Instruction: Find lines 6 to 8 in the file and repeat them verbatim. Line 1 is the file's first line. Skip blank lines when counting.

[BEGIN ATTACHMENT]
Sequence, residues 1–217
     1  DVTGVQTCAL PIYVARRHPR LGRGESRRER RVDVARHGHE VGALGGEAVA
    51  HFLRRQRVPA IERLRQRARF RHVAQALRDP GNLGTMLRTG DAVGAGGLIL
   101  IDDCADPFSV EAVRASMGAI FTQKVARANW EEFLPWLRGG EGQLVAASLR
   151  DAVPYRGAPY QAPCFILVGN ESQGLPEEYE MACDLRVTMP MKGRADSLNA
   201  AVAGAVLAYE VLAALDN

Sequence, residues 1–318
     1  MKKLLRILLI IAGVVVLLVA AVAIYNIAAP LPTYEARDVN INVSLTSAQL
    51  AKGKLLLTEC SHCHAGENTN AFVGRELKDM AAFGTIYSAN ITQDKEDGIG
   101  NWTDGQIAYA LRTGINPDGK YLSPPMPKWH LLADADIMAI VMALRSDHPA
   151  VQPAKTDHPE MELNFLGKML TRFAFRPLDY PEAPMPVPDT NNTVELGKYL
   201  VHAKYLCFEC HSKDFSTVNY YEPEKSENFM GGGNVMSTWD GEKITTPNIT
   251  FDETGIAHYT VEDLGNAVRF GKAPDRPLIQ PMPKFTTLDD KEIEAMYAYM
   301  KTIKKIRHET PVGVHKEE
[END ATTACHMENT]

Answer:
   201  AVAGAVLAYE VLAALDN

Sequence, residues 1–318
     1  MKKLLRILLI IAGVVVLLVA AVAIYNIAAP LPTYEARDVN INVSLTSAQL